At least as far back as the 18th century, brining was a common way to preserve meat to make sure it wouldn’t go to waste. It became popular in the age of sail due to its ability to preserve meat for years, rather than the short-term preservation of other methods. Brined meet didn’t have to be kept cold, and it let people enjoy meat all year round without needing any complicated processes.
Brining was a minimalist method for preserving meat back then, and is still used today for that very reason. Why fix what’s not broken? The simplicity of the process, as well as the availability of the necessary supplies, makes this a popular choice among preppers, large families, and anyone who is tired of meat going bad before being able to cook it. That’s the upside.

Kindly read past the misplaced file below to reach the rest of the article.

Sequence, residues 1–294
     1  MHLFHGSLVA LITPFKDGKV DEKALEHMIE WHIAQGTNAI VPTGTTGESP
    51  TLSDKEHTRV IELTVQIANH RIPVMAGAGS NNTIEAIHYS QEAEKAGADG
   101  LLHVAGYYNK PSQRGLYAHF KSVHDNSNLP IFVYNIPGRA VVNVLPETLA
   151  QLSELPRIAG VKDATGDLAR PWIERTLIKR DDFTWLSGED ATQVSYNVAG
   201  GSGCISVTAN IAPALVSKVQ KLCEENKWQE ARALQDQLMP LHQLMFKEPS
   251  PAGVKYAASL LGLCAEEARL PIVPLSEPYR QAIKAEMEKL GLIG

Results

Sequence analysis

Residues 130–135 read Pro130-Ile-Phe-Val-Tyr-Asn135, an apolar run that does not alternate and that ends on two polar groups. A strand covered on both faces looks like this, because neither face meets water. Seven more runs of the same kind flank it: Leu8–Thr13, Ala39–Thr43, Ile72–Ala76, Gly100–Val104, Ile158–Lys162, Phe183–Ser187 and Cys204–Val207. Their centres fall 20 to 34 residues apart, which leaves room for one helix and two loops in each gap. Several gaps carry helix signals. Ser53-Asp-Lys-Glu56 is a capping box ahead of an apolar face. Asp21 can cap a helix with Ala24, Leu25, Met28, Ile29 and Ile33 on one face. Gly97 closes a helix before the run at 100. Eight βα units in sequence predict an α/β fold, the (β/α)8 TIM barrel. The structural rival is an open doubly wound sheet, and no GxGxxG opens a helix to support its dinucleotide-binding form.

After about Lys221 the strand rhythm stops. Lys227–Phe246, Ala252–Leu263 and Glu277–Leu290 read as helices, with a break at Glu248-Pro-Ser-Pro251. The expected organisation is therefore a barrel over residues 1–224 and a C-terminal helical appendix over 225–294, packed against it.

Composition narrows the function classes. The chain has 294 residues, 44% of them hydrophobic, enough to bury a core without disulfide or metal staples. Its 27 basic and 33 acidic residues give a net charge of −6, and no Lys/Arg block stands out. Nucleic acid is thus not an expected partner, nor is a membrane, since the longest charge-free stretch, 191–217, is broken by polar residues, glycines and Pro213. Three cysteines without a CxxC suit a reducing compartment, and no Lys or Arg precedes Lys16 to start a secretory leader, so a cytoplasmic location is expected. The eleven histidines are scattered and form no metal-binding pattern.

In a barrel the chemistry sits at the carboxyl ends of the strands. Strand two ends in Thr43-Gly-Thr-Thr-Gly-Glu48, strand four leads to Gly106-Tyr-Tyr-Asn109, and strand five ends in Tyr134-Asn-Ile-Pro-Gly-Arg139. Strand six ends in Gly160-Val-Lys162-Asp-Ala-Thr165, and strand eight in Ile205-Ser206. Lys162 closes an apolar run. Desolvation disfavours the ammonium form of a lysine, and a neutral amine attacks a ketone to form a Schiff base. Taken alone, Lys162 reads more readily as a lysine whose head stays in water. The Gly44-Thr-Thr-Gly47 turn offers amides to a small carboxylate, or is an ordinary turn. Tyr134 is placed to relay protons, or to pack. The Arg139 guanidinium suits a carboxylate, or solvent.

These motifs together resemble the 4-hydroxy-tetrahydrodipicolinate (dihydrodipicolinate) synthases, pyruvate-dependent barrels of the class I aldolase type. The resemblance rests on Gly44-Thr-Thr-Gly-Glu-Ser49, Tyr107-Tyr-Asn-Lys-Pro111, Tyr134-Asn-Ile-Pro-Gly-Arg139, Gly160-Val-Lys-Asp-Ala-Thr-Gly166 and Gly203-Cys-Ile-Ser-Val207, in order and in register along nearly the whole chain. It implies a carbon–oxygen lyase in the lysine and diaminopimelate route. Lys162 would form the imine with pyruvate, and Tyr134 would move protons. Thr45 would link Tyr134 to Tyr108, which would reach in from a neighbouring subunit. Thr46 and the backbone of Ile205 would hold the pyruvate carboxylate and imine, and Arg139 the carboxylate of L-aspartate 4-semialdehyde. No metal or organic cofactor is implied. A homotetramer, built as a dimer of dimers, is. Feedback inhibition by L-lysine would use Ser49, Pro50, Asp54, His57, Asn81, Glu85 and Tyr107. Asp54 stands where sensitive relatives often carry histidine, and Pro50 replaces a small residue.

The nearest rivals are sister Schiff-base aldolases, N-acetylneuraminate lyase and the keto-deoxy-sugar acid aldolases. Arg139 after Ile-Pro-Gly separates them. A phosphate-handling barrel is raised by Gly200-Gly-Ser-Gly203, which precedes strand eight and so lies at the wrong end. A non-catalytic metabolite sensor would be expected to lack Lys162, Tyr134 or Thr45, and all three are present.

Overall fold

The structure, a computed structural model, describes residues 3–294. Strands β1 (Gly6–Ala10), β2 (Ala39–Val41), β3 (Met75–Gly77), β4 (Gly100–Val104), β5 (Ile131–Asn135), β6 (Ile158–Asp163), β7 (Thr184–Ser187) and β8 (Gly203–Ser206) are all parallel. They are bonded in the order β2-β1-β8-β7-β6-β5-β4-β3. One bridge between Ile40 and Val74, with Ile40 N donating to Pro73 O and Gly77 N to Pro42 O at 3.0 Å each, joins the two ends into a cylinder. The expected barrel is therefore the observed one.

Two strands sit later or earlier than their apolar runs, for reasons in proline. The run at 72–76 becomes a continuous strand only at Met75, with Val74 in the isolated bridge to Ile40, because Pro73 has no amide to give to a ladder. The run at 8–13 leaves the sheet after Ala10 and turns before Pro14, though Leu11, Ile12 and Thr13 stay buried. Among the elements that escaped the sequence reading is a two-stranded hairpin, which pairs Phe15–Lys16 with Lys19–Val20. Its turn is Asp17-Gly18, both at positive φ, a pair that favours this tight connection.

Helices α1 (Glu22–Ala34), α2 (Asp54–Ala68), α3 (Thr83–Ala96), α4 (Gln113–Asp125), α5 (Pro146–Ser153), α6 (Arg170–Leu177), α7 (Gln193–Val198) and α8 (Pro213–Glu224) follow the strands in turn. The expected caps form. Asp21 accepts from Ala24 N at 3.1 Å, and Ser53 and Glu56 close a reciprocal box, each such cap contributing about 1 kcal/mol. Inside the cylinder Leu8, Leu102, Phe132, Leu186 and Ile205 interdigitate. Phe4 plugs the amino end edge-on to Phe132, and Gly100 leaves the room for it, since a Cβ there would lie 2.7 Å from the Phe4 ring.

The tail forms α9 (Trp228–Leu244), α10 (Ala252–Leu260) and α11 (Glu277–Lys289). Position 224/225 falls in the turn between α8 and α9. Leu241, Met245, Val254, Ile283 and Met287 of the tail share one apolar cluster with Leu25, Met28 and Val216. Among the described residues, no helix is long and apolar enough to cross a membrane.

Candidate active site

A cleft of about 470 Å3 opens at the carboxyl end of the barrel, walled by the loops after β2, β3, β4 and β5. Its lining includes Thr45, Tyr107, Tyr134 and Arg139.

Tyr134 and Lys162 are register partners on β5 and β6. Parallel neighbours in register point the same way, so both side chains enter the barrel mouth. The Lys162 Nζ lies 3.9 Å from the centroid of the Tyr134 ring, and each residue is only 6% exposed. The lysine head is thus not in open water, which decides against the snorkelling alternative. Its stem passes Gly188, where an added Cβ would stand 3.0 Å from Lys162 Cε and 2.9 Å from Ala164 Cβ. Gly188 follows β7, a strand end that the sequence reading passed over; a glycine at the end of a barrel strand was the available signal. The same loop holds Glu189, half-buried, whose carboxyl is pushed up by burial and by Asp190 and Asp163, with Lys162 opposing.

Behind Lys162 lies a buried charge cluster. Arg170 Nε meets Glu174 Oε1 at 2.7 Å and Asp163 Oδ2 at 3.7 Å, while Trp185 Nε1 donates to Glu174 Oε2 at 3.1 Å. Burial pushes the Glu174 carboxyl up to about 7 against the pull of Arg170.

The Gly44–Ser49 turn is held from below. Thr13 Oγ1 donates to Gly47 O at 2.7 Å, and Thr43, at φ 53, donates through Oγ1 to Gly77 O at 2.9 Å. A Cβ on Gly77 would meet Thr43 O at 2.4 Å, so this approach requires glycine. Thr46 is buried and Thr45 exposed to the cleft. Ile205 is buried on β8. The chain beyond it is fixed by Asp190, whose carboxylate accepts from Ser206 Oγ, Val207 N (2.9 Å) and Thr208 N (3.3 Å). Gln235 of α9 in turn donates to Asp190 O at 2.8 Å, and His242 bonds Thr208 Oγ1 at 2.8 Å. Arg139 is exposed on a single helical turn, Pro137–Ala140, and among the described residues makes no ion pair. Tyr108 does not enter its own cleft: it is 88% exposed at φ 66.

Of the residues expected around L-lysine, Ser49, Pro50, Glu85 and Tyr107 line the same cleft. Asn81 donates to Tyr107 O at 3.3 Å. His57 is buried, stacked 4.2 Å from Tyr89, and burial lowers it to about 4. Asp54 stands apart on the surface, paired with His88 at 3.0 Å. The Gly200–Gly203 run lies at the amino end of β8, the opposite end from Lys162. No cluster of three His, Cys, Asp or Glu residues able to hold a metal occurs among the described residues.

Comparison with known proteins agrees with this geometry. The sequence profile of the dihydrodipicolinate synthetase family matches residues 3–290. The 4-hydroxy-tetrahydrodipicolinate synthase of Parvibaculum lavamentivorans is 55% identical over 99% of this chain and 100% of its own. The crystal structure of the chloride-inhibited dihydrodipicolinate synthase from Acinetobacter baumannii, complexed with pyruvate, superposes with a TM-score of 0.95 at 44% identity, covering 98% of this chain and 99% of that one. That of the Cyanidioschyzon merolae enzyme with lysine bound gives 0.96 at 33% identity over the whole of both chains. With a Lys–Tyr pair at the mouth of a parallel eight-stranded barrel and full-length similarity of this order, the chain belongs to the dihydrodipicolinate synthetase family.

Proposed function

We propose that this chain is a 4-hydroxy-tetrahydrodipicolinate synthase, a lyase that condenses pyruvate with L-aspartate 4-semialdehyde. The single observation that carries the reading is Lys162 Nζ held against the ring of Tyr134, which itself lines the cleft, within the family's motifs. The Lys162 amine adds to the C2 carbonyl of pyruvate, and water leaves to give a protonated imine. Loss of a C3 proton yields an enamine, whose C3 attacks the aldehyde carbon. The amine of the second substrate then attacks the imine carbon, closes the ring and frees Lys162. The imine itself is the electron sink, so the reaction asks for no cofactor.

The downside, if there is one, is that the salt content of the meat after it has been brined is quite high. So, people who need to cut back on their salt intake should use caution with brined meat. However, that doesn’t mean they can’t eat it. Soaking the meat in plain water for an hour or so, then rinsing it before cooking, will
Originally posted on Ask A Prepper